Several physical parameters dominate chemical processes in cloud cores, including number density, gas temperature, dust temperature, visual extinction, and cosmic-ray ionization rate. The number density, infall velocity, dust temperature, and visual extinction in the fiducial model vary with radius and time are shown in Fig. 2. Here, we define the moment of the prestellar core infall as t = 0. The left panels show these physical parameters as a function of time at specific gas parcels, while the right panels show the radial distributions of these physical parameters at some specific times.

During the prestellar stages (i.e., t < 0), the number density at each radius increases with time before reaching a value in a singular isothermal sphere (Rawlings et al. 1992). Subsequently, the number density at this position stays constant until the gas parcel begins to infall (i.e., t = 0). The number density in the outermost layer keeps at 104 cm−3, while it in the innermost layer increases from 104 to 1010 cm−3. Although the density at each position gradually increases, all gas parcels remain stationary. The dust temperature at different radii decreases over time due to fewer UV photons heating the dust grain with increasing visual extinction. Generally, the dust temperature keeps at approximately 10 K at any radius, bing higher outwards. The visual extinction at each radius gradually increases to the corresponding maximum value in the prestellar phase, until the gas parcel begins to infall. The visual extinction in the innermost layer increases from 4.3 to 1348 mag, while the visual extinction in the outermost layer is stable at 3.0 mag.

When the inside-out collapse begins, the material in the regions swept by the expansion wave starts to infall toward the center. Additionally, the closer to the center, the faster the material falls. In the Lagrangian coordinates (see left panels in Fig. 2), the number densities of specific gas parcels keep constants before infall occurs, then gradually increase until gas parcels fall into the central protostar (i.e., r < rin = 16.9 AU). However, in the Eulerian coordinates (see right panels in Fig. 2), the number density at a fixed radius remains constant, then gradually decreases after the expansion wave passes by. The material at a fixed radius falls increasingly faster over time. During the isothermal collapse phase (i.e., t < 2×104 yr), gas and dust temperatures are fixed at 7 K. When the protostellar envelope enters the warm-up phase, the temperature in the innermost layer gradually increases from the initial 7 K to 200 K and remains there. The visual extinction exhibits characteristics that vary with time and radius, which is similar to those of number densities in both Lagrangian and Eulerian coordinates.

3.2 Chemical evolution in the prestellar core

Since chemical compositions in the protostellar envelope inherits from the prestellar core, we have to first investigate the molecular distribution during the prestellar phase. Panels a and b in Fig. 3 show the radial distribution of some canonical carbon-chain molecules detected in prototypical WCCC sources, including CnH, CnH2, HC2n+1N families (n = 1,2, ··), and some precursors related to WCCC at the end of the prestellar phase. Most carbon-chain molecules are concentrated around the position of 4×103 AU, implying the emission of these molecules mainly comes from the outer regions of the prestellar core. Carbon-chain molecules are rapidly adsorbed on the dust grain (adsorption timescale of ~ 1 yr) due to high densities near the prestellar center, while their abundances are low near the peripheries due to strong UV photodissociation processes. The peak abundances of most of carbon-chain molecules, with the exception of CH4, CCH, C2H2, and C4H2, are lower than 10−9. For instance, the peak abundances of HC3N and HC5N molecules are close to the observed values in high-mass star-forming starless cores (X(HC3N) ~10−11 − 10−10, and X(HC5N) ~10−12 − 10−11; Taniguchi et al. 2018). This suggests these abundant molecules observed in the protostellar core are not primarily inherited from the prestellar core, but instead another mechanism is responsible for their formation, known as the WCCC mechanism.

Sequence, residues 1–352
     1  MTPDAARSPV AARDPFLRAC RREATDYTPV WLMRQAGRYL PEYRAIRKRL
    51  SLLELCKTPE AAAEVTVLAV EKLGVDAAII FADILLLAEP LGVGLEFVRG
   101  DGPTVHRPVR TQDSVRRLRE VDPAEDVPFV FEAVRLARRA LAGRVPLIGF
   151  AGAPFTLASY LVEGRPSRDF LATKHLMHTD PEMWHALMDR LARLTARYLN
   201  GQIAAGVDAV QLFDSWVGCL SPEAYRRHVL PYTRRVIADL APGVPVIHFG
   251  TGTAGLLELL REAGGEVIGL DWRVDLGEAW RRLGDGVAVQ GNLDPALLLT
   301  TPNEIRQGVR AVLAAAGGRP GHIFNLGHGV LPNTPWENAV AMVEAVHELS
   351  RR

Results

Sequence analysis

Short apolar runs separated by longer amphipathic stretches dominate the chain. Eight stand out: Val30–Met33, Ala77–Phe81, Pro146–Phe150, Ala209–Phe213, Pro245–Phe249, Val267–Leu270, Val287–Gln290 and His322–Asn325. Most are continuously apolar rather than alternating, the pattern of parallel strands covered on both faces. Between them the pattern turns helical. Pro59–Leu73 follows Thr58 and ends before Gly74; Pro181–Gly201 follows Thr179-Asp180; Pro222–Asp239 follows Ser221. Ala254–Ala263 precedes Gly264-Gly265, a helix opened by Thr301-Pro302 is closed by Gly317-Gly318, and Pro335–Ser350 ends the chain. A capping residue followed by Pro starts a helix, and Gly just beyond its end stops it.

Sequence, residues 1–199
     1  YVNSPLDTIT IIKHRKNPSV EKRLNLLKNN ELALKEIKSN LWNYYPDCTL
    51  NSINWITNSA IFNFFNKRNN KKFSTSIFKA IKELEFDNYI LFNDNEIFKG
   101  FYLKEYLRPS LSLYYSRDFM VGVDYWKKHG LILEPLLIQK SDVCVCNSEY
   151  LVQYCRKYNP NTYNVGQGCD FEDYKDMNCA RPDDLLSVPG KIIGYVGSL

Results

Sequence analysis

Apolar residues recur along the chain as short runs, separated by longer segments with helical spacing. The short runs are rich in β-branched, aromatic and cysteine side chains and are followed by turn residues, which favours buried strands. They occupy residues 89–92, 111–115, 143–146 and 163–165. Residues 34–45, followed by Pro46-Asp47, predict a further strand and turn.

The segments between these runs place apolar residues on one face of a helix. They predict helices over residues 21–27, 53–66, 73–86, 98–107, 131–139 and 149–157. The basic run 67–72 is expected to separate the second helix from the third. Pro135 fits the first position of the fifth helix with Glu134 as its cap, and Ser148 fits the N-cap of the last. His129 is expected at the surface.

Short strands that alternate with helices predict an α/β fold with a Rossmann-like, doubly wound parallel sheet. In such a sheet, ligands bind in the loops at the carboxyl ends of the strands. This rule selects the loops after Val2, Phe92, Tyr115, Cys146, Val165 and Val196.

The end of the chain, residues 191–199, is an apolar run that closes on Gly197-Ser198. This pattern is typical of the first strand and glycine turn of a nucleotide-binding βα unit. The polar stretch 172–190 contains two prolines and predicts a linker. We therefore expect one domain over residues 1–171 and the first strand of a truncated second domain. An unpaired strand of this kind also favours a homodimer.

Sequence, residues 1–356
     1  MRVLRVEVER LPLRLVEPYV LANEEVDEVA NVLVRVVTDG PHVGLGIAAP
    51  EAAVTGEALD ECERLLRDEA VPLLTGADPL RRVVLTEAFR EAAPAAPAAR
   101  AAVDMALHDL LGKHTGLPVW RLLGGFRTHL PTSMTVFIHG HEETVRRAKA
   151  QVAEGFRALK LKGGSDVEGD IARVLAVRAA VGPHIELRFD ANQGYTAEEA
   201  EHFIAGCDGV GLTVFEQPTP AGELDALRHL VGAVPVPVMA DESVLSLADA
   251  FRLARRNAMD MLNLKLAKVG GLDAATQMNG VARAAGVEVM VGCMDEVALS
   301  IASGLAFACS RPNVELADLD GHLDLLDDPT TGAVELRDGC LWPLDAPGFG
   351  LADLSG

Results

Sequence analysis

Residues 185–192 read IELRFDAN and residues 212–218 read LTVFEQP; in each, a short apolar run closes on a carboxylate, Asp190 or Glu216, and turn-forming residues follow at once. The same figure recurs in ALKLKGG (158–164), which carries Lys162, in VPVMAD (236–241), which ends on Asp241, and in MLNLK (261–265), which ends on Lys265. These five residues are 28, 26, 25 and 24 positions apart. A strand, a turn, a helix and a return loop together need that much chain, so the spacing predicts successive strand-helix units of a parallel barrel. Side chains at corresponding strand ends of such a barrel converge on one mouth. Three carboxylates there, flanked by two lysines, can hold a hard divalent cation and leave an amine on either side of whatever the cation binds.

Panels c and d in Fig. 3 show the radial distributions of some saturated COMs detected in protostellar cores at the end of prestellar phase (i.e., t = 0). These COMs are mainly produced on dust grain surfaces by the thermal hopping or quantum diffusion of radicals in the prestellar core. For instance, the depleted CO molecule can be hydrogenated by hopping H atom, forming H2CO and CH3OH efficiently, which has been successfully confirmed by laboratory experiments (e.g., Watanabe et al. 2003). Similarly to the distributions of carbon-chain molecules, COMs are mainly concentrated at r ~ 103−104 AU. In high visual extinction regions (AV > 5 mag), gaseous COMs mainly decrease through adsorption processes, while those in outer layers are mainly destroyed by abundant UV photons. Except for CH3OH molecules, the peak abundances of most COMs are lower than 10−9, so COMs detected in protostellar envelopes are mainly not remnants from the prestellar core.

thumbnail Fig. 2